ABOUT THIS BOOK
Norma Petersen Paulus grew up Depression-poor in Eastern Oregon, survived a bout with polio in her teens, taught herself to be a legal secretary, and graduated from law school with honors despite not attending college first. Anyone with such a story would be remarkable, but she was just getting started.
Paulus came from a family of Roosevelt Democrats, but when a friend campaigned for a Republican seat in the state legislature, she switched parties. As she put it, “The Republicans were in politics for all the right reasons.” Amid the nationwide political upheavals of the late 1960s, Oregon’s Republicans, led by popular governor Tom McCall, seemed to be her kind of people—principled, pragmatic, and committed to education, the environment, and equality for all citizens under the law.
Paulus’s appointment by Governor McCall to the Marion-Polk Boundary Commission in 1969, a precursor to Oregon’s urban growth boundaries, helped launched her on a long and distinguished career of public service. She ran successfully for the Oregon House of Representatives in 1970, the first women to do so in the district. After three terms in the House, where she championed environmental causes, women’s rights and government transparency, she was elected Oregon’s Secretary of State in 1976—the first woman to hold that office and be elected to a statewide office in Oregon. She was the Republican candidate for governor in 1986, served a stint on the Northwest Power and Conservation Council, went on to become Oregon’s superintendent of public instruction, and headed the Oregon Historical Society.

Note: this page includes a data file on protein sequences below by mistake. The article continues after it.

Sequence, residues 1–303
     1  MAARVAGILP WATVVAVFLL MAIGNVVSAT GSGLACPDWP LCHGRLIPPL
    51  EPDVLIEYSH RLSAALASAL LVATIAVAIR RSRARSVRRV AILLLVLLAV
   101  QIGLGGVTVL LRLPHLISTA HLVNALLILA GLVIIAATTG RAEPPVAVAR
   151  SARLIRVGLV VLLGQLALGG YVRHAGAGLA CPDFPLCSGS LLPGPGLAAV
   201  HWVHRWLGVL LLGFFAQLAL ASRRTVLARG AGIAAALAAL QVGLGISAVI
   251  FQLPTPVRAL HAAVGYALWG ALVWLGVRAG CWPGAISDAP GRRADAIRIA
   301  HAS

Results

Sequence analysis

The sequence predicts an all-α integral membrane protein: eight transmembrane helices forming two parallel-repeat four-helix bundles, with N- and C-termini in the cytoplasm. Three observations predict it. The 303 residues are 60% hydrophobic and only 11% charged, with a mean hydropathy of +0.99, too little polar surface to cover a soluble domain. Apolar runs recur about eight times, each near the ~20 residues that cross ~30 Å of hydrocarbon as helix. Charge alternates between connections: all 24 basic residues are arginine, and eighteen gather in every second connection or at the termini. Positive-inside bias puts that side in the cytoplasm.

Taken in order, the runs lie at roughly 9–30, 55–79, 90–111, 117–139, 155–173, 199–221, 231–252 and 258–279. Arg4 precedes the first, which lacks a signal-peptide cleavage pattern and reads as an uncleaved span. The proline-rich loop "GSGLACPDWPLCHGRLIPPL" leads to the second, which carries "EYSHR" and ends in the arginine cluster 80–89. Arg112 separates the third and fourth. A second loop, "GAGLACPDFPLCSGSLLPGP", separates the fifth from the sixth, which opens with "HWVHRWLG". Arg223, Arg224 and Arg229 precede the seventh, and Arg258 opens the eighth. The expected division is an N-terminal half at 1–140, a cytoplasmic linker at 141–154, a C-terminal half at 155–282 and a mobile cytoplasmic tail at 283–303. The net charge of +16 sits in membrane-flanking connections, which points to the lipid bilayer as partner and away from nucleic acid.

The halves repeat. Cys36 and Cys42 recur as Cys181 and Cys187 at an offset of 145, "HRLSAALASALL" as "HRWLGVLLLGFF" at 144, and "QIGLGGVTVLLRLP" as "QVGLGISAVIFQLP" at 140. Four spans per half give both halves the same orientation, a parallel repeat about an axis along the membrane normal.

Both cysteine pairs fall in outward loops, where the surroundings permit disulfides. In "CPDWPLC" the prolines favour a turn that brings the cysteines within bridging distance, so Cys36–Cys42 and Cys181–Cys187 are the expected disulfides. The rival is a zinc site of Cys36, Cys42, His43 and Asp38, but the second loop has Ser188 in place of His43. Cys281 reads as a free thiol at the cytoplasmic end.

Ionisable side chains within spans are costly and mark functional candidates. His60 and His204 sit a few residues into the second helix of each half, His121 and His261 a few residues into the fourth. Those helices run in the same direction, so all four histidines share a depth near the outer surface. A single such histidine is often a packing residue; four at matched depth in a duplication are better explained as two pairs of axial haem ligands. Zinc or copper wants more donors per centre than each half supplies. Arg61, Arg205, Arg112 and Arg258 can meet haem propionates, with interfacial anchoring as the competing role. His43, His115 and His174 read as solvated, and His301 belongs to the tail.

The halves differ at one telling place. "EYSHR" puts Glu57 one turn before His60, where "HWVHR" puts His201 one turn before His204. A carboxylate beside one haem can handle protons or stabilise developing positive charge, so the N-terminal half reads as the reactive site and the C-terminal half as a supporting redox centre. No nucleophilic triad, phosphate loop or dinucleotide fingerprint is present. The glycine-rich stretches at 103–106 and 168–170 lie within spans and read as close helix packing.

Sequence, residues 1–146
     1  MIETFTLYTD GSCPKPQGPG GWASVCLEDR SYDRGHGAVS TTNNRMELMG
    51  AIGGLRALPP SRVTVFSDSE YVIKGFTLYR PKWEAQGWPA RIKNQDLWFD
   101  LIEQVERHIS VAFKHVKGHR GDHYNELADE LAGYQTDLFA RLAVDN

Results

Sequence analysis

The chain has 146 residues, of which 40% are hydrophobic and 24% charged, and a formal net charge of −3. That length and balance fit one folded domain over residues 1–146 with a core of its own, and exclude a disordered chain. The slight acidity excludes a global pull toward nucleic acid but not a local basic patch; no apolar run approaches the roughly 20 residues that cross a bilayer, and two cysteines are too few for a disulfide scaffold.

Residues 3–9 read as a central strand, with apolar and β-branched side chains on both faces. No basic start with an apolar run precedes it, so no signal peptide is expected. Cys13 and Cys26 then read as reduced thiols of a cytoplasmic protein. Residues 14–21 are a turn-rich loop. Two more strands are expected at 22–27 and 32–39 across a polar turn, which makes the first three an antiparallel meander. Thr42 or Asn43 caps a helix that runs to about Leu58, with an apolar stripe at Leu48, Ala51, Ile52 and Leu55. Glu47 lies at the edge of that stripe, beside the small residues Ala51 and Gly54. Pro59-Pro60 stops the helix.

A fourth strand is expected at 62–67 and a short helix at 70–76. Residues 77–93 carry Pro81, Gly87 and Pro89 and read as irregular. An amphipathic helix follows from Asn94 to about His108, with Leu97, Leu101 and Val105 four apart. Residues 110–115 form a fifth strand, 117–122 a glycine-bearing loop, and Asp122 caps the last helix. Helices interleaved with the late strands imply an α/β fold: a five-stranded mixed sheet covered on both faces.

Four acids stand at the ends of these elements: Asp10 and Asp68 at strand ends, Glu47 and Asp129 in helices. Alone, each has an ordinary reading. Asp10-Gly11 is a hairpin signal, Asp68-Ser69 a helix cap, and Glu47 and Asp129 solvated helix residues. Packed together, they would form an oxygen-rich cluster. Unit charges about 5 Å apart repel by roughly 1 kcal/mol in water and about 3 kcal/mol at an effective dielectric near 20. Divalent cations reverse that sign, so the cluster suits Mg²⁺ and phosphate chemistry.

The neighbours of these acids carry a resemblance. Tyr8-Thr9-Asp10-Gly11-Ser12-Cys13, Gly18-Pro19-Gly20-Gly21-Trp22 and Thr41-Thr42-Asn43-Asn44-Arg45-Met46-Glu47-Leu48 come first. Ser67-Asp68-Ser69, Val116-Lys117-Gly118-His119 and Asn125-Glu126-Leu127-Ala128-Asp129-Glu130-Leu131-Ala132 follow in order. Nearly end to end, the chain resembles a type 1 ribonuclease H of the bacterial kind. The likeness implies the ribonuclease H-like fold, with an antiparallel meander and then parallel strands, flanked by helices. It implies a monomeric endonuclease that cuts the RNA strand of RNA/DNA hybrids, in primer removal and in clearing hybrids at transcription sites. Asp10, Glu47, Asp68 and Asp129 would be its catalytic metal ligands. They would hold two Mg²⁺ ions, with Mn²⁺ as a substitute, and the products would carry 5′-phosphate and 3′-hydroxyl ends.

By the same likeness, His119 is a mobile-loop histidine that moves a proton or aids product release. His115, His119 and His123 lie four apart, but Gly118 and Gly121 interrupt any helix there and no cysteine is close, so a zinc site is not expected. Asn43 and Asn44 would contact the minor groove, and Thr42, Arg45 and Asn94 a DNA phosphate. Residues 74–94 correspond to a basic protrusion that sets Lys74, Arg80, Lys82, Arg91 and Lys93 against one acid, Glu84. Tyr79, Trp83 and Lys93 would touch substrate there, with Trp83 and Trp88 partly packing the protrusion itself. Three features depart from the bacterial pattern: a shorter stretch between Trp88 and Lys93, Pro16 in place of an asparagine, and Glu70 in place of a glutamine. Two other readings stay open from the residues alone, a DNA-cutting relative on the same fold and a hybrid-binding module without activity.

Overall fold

During her years of public service, spanning the 1970s through the early 2000s, Norma Paulus occupied a distinctive niche in Oregon’s progressive political ecosystem. Her vivid personality and strong convictions endeared her to a broad swath of citizens. Beautiful and opinionated, charming and forceful, Paulus was widely covered in statewide and national newspapers and television during her eventful, sometimes controversial career. Now, The Only Woman in the Room sums up her life and work in a lively, anecdotal history that will appeal to historians, political scientists, newshounds, and ordinary citizens alike.